roosterThe Rooster

by Joseph Nieves

Benny was a child of the suburbs, and he had never seen a chicken in real life. He liked the taste of chicken, especially when his dad fried it and served it with mashed potatoes loaded with butter. His dad was good at making the simple stuff. Sometimes Benny would add a bit of ketchup to his potatoes, even though his dad said he was ruining it. It was his second favorite dish. He had never considered chickens as living things, though. Never thought about where they come from. When his dad said they were going to visit the old farm house where he had grown up, interrupting afternoon cartoons, Benny wasn’t sure he wanted to go. Grampa’s got chickens, his dad had told him. Benny could probably even feed them.


On the drive out, Benny wondered about the chickens—how big they were, what kind of stuff they liked to do. As they pulled up to the old farm house, he noticed the old weather vane, in the shape of a rooster, spinning lazily on the roof, as if confused. The house was small and white and it looked harsh, bashed by decades of seasonal storms followed by clear skies, direct sunlight beating down on it. Chips of old paint laid all around the place. Benny thought it looked different from the pictures of farms he’d seen on milk cartons. For one thing, there were no chickens wandering all around. Were they napping somewhere? Where did they sleep? He bounced in his seat as he looked around out the window for a sign of them. He could sense his father was not as excited, though, and tried to keep his questions about chickens to a minimum.

His grandfather met them on the front patio, offered a curt greeting. Benny felt his father’s hand tighten on his shoulder. He had seen this man one other time, at his dad’s place, and only said hello to him before being sent to bed. That night he heard his dad shouting. Now, his grandfather was wearing the same denim jacket with the cotton-lined collar, and he held out a hand that looked as old and worn as the house. As Benny shook it, the old man’s hand felts like it was made of tree bark. Inside, his grandfather made a pot of strong-smelling coffee, and he was dismissed to play in the backyard.

He saw them immediately, beyond his grandfather’s garden. The chickens. Brown and white ones pecking around in the grass in front of a coop. The door hung ajar. Benny ran toward them as fast as he could until he heard a loud, sharp cry that crackled in the air like tires squealing. Another chicken had appeared, larger than then the others. It was half as big as Benny with deep black feathers. It paced, agitated, looking right at him.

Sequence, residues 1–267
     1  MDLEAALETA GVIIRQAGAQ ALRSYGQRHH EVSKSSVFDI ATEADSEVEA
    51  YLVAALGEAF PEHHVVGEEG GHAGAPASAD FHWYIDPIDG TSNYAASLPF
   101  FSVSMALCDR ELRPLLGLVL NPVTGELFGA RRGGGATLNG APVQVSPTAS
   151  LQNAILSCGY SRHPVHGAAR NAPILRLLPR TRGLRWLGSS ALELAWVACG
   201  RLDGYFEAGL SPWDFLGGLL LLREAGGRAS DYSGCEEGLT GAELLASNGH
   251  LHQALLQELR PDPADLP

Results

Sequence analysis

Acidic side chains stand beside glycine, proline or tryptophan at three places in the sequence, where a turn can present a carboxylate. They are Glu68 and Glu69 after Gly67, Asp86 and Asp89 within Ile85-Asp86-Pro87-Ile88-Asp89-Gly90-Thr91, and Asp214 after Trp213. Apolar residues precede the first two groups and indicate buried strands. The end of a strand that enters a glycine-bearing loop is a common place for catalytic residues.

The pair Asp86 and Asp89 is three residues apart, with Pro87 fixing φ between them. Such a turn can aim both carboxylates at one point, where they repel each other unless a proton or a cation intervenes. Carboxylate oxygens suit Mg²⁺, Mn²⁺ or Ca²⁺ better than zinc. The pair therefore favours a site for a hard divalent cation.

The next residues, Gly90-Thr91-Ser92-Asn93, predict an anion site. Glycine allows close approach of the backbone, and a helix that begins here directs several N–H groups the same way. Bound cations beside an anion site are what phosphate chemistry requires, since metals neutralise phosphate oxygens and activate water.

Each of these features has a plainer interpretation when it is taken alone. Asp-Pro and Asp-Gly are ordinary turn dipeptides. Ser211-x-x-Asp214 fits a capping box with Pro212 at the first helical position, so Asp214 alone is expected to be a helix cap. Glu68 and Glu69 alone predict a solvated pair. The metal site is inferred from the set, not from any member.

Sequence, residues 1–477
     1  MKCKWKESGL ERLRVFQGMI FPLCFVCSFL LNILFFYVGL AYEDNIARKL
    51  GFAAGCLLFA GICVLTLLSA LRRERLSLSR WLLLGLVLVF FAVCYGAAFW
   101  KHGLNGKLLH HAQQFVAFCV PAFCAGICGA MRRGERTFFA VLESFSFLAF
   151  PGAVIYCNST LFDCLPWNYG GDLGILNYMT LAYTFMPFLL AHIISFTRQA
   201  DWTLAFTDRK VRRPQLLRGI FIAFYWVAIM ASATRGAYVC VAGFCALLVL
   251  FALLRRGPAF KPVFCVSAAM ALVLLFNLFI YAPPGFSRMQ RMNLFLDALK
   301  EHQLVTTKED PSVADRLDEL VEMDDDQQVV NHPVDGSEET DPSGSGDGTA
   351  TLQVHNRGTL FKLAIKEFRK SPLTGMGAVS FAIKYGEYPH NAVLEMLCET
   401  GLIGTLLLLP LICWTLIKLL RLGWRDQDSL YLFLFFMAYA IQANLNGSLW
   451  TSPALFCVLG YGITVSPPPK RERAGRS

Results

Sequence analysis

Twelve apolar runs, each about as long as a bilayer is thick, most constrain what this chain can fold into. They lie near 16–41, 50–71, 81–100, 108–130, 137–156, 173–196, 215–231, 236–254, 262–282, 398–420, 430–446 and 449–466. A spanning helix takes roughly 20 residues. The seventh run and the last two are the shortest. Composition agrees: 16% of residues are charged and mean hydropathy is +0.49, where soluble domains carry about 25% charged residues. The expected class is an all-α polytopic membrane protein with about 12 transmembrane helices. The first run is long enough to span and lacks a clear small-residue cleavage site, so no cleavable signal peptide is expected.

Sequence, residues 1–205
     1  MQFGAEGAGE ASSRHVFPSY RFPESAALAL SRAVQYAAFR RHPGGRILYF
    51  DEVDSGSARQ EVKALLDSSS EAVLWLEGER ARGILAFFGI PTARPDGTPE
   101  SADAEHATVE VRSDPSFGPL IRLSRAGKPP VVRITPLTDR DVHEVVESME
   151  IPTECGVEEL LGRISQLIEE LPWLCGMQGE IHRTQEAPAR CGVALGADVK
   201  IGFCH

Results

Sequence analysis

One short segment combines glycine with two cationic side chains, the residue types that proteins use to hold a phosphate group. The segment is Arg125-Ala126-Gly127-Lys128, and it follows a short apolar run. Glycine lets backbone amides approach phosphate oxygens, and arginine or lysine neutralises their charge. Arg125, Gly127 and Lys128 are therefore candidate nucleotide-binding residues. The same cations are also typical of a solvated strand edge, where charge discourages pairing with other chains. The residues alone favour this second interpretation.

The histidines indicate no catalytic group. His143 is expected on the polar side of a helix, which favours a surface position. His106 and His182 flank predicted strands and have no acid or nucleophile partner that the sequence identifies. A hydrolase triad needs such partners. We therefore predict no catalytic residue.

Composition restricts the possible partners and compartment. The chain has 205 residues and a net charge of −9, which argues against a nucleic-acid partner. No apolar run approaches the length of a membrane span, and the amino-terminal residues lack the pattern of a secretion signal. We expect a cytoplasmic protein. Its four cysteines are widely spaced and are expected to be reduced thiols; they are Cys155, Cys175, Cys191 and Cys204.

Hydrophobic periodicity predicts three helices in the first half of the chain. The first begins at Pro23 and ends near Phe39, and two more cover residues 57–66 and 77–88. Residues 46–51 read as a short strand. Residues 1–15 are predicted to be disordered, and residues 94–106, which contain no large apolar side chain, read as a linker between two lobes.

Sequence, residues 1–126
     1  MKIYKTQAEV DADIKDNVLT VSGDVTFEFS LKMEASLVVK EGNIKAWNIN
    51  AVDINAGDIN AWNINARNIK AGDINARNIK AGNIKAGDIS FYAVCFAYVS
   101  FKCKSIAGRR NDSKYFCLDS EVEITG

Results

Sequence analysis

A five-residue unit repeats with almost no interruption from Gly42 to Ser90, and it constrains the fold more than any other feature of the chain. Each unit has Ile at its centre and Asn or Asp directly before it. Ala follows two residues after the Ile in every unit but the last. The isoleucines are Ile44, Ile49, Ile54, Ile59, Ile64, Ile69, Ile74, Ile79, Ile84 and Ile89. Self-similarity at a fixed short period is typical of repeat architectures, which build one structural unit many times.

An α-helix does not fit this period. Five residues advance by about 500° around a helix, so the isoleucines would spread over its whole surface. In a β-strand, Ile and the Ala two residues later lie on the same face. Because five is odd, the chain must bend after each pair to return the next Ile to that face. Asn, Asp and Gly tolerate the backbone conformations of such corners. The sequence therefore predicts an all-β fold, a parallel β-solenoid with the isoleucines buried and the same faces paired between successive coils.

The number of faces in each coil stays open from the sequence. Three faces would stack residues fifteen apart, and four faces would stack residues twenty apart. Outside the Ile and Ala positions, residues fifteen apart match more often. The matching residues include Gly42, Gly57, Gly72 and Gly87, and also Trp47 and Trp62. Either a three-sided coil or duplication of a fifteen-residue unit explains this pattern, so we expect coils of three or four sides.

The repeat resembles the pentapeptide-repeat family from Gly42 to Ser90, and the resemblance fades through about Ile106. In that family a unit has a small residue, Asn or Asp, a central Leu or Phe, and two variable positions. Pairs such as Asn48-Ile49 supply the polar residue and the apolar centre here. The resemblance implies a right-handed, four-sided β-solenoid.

“Dad?” Benny called out. He turned to run back to the house when the rooster charged. Flashes of black enveloped him like smoke from the oven the time his dad tried to make lasagna like mom’s. The rooster leapt onto his back, and he fell to the ground. Talons sliced at his back like razors. He covered his head, feeling the pinch of the rooster’s beak on his hands. He felt the same sharp pain of his dad’s hand across his face after Benny refused to eat any of the chicken, even with the blackened layer peeled off. His eyes were shut, the fevered beating of wings all he could hear as he tried to crawl away.

The weight lifted. Benny opened his eyes and his father was holding the rooster by the throat. He slammed it down by its neck into the dirt, its body thudding against the ground. It kept flailing. Benny watched his father lift the bird up and slam it down again and again, his soft face turned red and twisted in a terrible rage that Benny had seen only once before. The rooster had stopped flailing. Bloody bits of feather were strewn across the ground like spent ketchup packets.

His grandfather shouted. His dad shouted back. All Benny could do was stare at the dead rooster in the dirt until his father noticed. Benny looked up at him and saw the knot of fury untangle itself into shame, the same way it did on lasagna night, and a cold shudder ran down the length of his arms to his burning, pecked fingers. That was when he first heard his dad talk about the farm house, after he had calmed down and made Benny mashed potatoes, and let him put ketchup on it without saying anything. His father looked to him, then down at the bird, and up at his own father. Without saying a word he gestured to the car and Benny knew they were leaving. He never saw the farm house again.


Joseph Nieves is an undergrad at Westminster College in Fulton, MO. His work has appeared in that college’s literary magazine, Janus, and on his mother’s refrigerator.
%d bloggers like this: